In fact, he explained that the residents, though incarcerated, are fully involved in maintaining what is really a working farm. They not only benefit from the fresh Manchester air, but from a good diet and regular exercise, something Thomas and Hall speak proudly of.
"Some of them, when they come here they look weak and frail. Give them two weeks up here and we have them running up and down...," said Thomas.
The inmates also work at maintaining municipal properties such as the nearby police station.
As the Sunday Observer spoke with the administrators, the sound of dominoes clacking on a game table nearby floated into the office. A game had started up between an inmate and a member of staff. This was typical of days at the facility, said Thomas.
"At 6:30 in the morning, they have their devotion. They generally bathe after and prepare themselves for breakfast around seven. By eight o'clock dem ready to go to the farm to do dem chores. Everybody got dem chores to do.
By 11:30 they come back in, check off. By 12:30 they have their lunch and by 3:30 they have muster and we call them and check them off," Thomas said.
That is the last check for the day, later they will have supper, more devotions and then they watch TV, or play dominoes until they are ready to go to bed.
Hall noted that things were so comfortable for the inmates that one -- 69-year-old George Spence -- recently returned to the facility because he couldn't adjust to life on the outside.
"I like how they run it," Spence said, explaining in a subdued grandfatherly voice why his first attempt to live on the outside failed.
He claimed his little savings were stolen on his release from prison, and he fell out with whatever family he had left. Sick, and wearing a colostomy bag, he had nowhere else left to go. So he found his way back to New Broughton.
It's the kind of life any incarcerated person would want, even with the strict rules. Inmates aren't really shadowed closely, but they know if they dare set foot outside the invisible gate at the front of the premises, they will be sent back into the misery of the dreaded 'gen pop' (general population), where they have to contend with bloody fights and even murder.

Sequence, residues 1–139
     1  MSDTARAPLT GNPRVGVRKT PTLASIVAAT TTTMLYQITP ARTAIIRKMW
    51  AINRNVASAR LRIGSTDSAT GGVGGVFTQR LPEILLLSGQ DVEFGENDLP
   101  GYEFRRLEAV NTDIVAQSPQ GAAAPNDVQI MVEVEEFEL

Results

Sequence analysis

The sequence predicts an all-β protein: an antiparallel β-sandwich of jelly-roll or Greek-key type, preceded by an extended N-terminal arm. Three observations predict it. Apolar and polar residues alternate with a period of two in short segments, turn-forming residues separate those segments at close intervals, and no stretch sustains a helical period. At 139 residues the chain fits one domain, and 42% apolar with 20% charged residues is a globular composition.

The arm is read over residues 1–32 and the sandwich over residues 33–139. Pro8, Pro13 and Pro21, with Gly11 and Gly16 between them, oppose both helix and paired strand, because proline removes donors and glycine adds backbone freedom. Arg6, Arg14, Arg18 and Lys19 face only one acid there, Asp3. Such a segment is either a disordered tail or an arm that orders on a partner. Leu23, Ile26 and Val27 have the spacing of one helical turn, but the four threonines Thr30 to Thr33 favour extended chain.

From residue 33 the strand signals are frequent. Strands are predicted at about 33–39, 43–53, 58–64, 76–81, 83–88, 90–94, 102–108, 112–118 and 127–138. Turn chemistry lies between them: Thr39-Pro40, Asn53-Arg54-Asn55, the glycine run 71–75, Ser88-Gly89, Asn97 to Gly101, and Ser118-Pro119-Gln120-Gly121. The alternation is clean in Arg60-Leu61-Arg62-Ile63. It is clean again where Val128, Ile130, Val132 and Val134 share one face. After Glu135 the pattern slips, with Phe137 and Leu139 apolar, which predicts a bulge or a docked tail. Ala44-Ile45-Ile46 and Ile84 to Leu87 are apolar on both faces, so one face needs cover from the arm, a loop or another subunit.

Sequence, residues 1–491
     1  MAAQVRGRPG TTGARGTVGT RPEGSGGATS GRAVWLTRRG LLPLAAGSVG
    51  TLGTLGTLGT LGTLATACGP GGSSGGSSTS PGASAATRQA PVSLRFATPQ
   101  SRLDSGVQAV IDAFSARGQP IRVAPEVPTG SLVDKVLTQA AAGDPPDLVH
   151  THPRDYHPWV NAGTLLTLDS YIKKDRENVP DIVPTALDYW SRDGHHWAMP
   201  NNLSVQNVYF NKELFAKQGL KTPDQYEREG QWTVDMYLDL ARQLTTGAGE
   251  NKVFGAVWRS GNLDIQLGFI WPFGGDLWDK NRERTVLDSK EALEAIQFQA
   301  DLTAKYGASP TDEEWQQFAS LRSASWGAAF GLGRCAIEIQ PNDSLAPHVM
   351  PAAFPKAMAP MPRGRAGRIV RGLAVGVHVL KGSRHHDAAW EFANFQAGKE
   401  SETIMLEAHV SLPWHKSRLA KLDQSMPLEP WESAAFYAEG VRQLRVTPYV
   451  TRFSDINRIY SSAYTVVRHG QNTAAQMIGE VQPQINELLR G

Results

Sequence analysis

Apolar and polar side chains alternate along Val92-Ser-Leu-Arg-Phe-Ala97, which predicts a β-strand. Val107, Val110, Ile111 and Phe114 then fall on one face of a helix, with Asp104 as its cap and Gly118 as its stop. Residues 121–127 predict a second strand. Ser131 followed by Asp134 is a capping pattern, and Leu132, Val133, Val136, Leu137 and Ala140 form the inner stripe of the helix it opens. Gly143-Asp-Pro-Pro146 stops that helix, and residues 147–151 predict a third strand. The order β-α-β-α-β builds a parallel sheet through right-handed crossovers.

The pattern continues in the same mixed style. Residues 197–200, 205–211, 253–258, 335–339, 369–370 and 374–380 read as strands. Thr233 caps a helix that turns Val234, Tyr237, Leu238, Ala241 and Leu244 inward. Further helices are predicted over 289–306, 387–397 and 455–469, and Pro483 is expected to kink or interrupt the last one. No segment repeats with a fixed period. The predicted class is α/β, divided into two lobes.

"When yu is here you don't need fret like when yu down at the big prison.... Sometimes they kill one another there and whole heap a blood run. Mi never like it," said Spence.
When asked how he landed behind prison walls, he admitted that he had killed a man.
"Him tek stone and knock out three a mi teet and attack mi wid cutlass, and mi chop him up, and him dead," he said, the chilling tale spilling haltingly from his lips.
Robert Brown is a slim and sprightly man from St Elizabeth. He was incarcerated late in life, June 2008, and sent to the St Catherine Adult Correctional Centre for carnal abuse of a minor.
He is now a born-again Christian who leads daily devotions at New Broughton, where he was transferred last year based on age and good behaviour.
Brown said with a chuckle that he is now fitter than so many of the younger inmates he used to contend with at Spanish Town.
His parole eligibility date has passed, but he said he didn't bother to apply because he was content to live out the remaining two years of his sentence at the minimum security facility. His decision was motivated by the fact that he gets free health care. However, while he knows how lucky he is, he warned youngsters not to choose his path, even while declaring that his alleged victim lied.
"The first couple a months was kinda down for me, but I still had people come visit and encourage me. Then I heard about other people who nuh get no visit, so I realise I better off than dem...is a cowboy lunchtime I get," he said with a smile.
Former death row inmate Dudley Smith has been behind bars 27 years, the last two at New Broughton. He was convicted for killing his father.
"Mi Father dis mi mother and mi defend it," was his terse explanation.
He admitted he was terrified of being hanged.
"Mi pray and read mi Bible. A di truth, 'cause mi see many man a go over gallows and nuh come back alive, a just blood you see a run outta di box a go a dead yard," he declared, adding that some of his fellow inmates hanged themselves in their cells or went mad waiting on the executioner.
His sentence was eventually reduced to manslaughter and he ended up at Tamarind Farm before coming to the vastly different New Broughton Sunset Rehabilitation facility, where he patiently prays for parole.
"The treatment mi get a Broughton, mi nuh get anywhere else," he declared.